«I am here, and there is nothing to say»: so John Cage greeted his listeners with extreme understatement in his famous «Lecture on Nothing». So, what can one learn from this «inventor of genius» (as his teacher Arnold Schoenberg described him), born 100 years ago in Los Angeles? Quite a lot – the calm of a Zen master, for example, or the mischievous-childish smile (imagine «nothing» as the emphatically innocent answer to the question,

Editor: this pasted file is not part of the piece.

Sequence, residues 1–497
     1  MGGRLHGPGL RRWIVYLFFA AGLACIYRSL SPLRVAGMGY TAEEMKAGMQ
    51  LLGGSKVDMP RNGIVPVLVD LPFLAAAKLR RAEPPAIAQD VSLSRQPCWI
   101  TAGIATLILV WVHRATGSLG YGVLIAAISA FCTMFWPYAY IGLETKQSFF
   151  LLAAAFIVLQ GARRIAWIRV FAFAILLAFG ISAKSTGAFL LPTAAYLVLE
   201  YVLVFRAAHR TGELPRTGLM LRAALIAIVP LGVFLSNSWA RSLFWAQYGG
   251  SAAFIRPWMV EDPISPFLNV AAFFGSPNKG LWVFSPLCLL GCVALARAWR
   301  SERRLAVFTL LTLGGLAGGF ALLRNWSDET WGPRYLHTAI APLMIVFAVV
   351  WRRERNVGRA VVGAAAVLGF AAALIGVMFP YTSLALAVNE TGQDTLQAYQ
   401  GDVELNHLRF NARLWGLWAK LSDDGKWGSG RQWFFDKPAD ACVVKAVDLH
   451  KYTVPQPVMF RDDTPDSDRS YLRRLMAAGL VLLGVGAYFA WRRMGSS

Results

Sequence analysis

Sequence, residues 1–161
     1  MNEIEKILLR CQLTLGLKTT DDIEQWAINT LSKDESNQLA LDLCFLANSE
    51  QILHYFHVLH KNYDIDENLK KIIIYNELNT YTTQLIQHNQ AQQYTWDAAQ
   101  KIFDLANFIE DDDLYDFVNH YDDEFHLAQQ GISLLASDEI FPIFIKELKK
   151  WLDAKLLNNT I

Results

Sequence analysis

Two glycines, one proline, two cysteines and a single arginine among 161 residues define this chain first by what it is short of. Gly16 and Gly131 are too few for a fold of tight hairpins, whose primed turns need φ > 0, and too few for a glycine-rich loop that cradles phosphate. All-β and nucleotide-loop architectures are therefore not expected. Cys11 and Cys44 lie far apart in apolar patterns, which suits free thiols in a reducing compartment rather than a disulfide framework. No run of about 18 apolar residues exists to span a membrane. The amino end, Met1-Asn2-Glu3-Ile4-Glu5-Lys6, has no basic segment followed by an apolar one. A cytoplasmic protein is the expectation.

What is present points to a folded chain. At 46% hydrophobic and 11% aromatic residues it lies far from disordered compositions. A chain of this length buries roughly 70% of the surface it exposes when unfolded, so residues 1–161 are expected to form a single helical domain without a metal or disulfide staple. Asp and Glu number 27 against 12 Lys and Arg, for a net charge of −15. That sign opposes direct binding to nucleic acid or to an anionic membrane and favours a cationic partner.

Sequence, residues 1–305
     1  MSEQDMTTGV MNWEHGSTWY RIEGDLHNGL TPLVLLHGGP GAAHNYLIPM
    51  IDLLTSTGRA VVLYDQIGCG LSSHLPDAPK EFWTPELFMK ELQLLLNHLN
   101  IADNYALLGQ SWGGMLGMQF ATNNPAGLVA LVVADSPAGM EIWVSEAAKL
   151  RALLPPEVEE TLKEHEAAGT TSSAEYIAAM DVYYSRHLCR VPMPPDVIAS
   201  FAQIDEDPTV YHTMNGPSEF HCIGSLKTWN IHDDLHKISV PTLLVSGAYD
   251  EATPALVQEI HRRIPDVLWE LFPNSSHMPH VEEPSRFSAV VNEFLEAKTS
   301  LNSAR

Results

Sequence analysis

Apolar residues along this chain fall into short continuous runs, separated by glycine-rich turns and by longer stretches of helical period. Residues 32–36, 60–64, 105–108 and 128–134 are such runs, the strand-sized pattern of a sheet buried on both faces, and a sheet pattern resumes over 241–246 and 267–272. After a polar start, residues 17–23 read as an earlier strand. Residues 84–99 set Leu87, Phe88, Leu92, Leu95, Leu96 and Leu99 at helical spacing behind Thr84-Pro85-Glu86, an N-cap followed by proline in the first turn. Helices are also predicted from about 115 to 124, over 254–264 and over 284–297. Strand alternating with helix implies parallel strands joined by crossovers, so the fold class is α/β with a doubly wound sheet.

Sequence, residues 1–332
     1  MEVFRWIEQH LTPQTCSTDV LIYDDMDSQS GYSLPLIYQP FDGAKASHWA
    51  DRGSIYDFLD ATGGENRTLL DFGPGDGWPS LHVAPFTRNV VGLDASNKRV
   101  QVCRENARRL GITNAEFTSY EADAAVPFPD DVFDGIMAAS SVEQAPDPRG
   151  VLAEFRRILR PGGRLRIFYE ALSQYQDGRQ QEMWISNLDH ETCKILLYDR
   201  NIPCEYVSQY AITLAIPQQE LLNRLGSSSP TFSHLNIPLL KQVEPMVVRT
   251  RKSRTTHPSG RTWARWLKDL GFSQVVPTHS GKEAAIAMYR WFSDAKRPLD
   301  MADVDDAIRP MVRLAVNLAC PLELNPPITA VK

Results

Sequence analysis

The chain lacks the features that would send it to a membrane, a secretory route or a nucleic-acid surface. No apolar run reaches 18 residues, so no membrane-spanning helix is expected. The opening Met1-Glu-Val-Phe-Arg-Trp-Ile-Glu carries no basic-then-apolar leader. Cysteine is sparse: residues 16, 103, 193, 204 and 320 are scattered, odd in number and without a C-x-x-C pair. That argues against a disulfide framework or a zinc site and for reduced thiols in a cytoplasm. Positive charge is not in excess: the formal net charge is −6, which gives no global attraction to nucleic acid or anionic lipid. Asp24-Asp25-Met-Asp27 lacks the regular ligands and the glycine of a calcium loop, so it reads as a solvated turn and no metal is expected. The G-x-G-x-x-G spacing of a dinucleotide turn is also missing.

boy prodigy putting the serious European avant-garde into a tizzy, the seriousness of a quirky researcher successfully transforming cacti into musical instruments, the joy of a winner casually answering the decisive question on a television show, and a maximum of openness to all of life’s surprises. What exactly you are going to hear in the rainy days 2012, there is still nothing to say about (allowing for a certain degree of understatement) – for some of the strikingly varied works that countless musicians will present, concentrated into four days (and supplemented by participatory workshops etc.), require, first of all, the consultation of chance. And of course the rainy days would not be one of the most celebrated festivals of new music if we were satisfied simply with a major Cage retrospective: in 2012 you will be treated to the first «Toy Piano World Summit» with toy piano soloists from New York to Luxembourg and premieres of works by Vadim Karassikov, James Clarke, Bernhard Lang, Marcel Reuter, and many others.